The LVL-concrete composite (LCC) structure is a hybrid in system which the LVL member is well connected to the concrete slab by a connector to produce composite action. Various types of connector with different stiffness and shear capacity are available in the market currently. The stiffness of the connector is identified through the push-out experiment. The notch connections for LVL concrete composite beams have higher stiffness and strength compared to mechanical fasteners. This paper discusses the experimental results of symmetrical push-out tests on 3 different types of connector, 150mm rectangular notch with 10mm diameter screw, 100mm rectangular notch with 8mm diameter screw and 100mm triangular notch with 8mm diameter screw. The experimental test was shear push out to failure and the type of failure was discussed. The 150mm rectangular notch was found to be strongest among all and low cost. The 100mm rectangular notch was found to be slightly stiffer than 100mm triangular notch but 100mm triangular notch is easier to construct with only 2 cut. The maximum strength and stiffness at ultimate limit states and serviceability limit states of each type of connection were discussed in this paper.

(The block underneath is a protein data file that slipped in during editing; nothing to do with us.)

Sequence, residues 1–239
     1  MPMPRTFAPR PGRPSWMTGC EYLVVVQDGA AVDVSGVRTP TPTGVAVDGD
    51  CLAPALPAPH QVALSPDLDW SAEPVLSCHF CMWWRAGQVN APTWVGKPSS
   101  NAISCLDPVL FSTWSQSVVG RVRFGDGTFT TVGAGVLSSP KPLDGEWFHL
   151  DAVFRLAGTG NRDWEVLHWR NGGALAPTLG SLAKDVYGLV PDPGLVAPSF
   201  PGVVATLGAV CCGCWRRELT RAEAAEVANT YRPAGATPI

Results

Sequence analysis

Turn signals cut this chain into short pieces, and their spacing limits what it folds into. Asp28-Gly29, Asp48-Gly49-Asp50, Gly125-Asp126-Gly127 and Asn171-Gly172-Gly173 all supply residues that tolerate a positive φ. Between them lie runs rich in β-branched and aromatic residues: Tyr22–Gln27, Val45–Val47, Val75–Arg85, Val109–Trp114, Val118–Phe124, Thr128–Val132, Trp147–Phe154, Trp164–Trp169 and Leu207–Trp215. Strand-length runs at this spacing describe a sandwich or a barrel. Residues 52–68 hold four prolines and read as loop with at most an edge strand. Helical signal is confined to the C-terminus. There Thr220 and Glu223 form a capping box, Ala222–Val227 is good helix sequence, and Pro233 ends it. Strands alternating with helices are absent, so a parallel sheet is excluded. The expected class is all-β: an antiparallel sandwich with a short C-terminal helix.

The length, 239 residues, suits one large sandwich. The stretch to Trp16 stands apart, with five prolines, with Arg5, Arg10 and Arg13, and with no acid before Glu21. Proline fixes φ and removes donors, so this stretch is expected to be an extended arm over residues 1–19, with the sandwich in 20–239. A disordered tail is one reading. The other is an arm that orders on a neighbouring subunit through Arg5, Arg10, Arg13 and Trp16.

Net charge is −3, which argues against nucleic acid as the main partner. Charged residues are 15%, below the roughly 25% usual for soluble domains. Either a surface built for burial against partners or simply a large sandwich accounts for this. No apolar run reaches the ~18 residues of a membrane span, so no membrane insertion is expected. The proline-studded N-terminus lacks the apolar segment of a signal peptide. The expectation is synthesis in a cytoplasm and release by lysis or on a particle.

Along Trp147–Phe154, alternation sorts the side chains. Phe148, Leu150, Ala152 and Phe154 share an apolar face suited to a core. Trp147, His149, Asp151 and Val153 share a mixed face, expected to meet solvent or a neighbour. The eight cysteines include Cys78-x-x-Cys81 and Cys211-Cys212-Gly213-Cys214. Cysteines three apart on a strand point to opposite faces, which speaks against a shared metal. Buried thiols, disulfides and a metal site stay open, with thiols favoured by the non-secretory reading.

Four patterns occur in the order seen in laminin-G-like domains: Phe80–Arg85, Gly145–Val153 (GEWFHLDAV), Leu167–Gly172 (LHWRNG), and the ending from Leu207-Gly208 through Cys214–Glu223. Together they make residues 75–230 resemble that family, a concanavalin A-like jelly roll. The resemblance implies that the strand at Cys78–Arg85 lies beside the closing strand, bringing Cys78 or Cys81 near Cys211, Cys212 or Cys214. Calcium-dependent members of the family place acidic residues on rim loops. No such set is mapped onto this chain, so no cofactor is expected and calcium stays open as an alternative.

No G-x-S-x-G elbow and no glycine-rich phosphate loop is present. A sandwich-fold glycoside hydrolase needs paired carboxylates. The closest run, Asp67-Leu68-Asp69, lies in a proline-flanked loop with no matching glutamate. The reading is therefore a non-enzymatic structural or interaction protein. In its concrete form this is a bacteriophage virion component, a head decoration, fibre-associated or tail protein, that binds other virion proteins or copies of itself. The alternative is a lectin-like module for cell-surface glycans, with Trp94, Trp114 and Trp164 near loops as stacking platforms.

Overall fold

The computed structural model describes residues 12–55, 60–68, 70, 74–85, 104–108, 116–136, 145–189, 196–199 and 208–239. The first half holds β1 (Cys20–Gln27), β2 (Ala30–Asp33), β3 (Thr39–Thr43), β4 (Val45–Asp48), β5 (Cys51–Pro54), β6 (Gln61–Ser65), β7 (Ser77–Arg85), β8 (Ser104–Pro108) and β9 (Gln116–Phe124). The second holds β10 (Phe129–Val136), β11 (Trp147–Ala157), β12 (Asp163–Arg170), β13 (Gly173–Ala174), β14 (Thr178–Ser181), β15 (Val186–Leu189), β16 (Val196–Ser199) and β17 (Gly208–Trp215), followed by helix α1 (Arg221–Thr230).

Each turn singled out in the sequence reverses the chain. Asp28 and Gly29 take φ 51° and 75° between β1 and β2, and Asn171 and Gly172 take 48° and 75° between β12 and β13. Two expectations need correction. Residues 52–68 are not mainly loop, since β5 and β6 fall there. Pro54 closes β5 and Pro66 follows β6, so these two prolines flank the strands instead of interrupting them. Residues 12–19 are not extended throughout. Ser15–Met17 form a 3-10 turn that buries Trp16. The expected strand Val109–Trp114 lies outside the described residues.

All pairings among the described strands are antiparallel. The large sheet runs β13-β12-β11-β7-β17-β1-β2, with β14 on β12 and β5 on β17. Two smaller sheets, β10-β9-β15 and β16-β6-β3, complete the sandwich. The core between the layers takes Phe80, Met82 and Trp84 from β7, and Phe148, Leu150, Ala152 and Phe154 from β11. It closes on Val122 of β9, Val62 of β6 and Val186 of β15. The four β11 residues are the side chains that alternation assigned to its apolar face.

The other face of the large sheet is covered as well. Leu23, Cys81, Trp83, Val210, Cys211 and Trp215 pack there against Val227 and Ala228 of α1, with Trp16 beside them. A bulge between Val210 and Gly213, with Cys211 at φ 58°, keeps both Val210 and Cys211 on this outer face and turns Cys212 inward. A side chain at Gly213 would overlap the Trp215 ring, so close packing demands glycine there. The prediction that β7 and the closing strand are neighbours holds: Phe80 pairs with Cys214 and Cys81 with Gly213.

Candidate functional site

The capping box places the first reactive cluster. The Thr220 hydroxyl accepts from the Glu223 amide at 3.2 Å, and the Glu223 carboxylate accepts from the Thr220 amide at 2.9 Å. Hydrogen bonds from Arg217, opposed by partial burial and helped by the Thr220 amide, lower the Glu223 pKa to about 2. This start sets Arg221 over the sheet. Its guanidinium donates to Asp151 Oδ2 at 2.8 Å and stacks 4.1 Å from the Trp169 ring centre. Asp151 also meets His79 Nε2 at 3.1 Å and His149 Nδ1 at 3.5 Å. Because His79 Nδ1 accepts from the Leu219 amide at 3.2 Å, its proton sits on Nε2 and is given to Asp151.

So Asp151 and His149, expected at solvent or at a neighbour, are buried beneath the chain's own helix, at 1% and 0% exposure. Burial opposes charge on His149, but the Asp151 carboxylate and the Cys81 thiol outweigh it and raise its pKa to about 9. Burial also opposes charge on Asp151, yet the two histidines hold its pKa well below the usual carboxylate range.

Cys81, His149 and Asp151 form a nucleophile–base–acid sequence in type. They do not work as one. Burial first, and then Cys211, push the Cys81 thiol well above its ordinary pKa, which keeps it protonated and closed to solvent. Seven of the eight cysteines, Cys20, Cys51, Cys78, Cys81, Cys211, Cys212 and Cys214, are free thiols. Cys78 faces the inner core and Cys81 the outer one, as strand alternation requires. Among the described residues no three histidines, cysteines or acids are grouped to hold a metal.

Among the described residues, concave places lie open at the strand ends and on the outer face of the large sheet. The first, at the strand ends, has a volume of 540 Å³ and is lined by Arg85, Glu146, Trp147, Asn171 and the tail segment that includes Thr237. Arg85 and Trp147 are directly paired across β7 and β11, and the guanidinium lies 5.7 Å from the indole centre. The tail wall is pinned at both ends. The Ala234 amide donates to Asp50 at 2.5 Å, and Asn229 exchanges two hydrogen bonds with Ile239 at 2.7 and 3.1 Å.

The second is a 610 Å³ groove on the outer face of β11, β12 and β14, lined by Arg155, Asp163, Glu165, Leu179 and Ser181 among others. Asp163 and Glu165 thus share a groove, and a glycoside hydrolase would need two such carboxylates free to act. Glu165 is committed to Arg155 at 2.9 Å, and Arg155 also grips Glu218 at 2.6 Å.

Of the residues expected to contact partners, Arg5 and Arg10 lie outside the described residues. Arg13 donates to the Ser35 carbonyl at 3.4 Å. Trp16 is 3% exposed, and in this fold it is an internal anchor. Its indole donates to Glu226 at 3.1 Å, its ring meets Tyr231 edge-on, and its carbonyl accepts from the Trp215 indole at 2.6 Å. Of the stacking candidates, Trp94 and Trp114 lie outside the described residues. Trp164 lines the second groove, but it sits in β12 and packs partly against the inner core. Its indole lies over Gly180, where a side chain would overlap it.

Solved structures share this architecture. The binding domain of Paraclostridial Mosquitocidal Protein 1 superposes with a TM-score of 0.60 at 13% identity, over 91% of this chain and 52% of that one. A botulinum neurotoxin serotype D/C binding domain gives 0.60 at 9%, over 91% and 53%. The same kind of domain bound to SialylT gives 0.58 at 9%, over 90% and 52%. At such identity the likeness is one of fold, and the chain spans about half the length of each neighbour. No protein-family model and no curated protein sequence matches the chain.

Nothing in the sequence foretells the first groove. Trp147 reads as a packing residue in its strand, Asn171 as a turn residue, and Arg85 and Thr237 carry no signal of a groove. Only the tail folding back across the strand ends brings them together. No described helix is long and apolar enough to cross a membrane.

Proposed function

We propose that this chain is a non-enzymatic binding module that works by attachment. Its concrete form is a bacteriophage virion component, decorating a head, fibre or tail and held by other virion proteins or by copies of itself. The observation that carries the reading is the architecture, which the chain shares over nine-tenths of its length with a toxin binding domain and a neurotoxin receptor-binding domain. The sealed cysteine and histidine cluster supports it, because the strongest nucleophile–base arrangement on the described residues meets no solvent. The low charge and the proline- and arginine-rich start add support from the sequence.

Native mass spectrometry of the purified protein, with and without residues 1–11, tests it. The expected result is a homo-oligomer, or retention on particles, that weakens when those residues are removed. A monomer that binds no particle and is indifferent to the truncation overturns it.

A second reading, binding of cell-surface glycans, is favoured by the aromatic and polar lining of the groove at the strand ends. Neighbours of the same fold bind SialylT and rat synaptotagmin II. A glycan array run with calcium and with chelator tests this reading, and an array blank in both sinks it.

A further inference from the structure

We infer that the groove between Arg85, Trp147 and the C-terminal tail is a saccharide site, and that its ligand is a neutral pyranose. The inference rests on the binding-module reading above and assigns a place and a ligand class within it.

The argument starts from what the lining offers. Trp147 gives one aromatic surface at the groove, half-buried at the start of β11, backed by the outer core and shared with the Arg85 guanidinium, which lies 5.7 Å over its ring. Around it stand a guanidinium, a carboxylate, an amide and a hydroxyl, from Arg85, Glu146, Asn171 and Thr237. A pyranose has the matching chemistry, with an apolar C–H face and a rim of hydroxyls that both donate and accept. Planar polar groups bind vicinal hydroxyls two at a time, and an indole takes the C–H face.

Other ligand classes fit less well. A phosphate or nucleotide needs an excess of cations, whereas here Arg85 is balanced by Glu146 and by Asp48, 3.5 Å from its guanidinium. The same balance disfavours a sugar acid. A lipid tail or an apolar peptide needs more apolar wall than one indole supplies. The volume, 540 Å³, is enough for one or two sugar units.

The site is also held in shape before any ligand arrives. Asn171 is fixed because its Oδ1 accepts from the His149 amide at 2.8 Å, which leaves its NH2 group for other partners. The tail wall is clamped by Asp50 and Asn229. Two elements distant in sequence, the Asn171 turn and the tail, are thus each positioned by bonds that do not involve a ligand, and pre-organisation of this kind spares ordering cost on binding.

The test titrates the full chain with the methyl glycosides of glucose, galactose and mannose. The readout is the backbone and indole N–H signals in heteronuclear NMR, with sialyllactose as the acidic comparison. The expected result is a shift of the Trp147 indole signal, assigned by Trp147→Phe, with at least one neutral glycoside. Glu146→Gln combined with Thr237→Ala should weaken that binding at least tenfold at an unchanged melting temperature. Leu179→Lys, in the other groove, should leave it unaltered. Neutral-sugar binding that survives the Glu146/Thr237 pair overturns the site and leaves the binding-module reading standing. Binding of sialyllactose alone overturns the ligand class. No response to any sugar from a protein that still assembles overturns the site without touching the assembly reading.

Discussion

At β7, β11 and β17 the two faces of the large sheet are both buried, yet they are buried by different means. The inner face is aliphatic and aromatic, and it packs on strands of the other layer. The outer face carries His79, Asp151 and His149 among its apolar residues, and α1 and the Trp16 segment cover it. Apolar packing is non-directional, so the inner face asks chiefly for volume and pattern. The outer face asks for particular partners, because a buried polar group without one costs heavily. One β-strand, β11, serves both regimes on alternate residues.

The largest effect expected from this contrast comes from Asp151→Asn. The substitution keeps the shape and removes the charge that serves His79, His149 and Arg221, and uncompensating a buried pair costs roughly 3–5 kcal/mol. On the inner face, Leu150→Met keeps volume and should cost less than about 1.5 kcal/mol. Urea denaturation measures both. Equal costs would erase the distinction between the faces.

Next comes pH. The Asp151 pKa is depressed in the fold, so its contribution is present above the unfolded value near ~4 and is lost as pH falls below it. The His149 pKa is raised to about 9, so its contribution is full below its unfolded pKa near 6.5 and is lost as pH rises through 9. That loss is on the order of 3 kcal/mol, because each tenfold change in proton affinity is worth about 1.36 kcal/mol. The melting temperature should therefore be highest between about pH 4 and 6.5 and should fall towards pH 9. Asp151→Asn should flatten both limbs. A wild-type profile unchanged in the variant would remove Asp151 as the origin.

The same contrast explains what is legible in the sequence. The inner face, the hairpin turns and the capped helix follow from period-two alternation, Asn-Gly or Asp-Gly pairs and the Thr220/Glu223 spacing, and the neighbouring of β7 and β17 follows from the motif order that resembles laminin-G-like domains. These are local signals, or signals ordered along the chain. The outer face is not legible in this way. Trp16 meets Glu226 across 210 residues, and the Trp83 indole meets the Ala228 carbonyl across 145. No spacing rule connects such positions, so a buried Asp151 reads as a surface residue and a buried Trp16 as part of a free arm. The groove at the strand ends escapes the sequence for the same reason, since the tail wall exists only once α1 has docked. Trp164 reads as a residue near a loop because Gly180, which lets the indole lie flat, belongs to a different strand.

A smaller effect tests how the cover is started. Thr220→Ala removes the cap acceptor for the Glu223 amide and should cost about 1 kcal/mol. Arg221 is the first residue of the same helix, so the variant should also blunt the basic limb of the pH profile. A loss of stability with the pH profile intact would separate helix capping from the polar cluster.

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Long-term Performance of Timber Concrete Composite Floors

https://research.thinkwood.com/en/permalink/catalogue2081
Year of Publication
2018
Topic
Serviceability
Mechanical Properties
Acoustics and Vibration
Material
Timber-Concrete Composite
CLT (Cross-Laminated Timber)
LVL (Laminated Veneer Lumber)
LSL (Laminated Strand Lumber)
Application
Floors

10 records – page 1 of 1.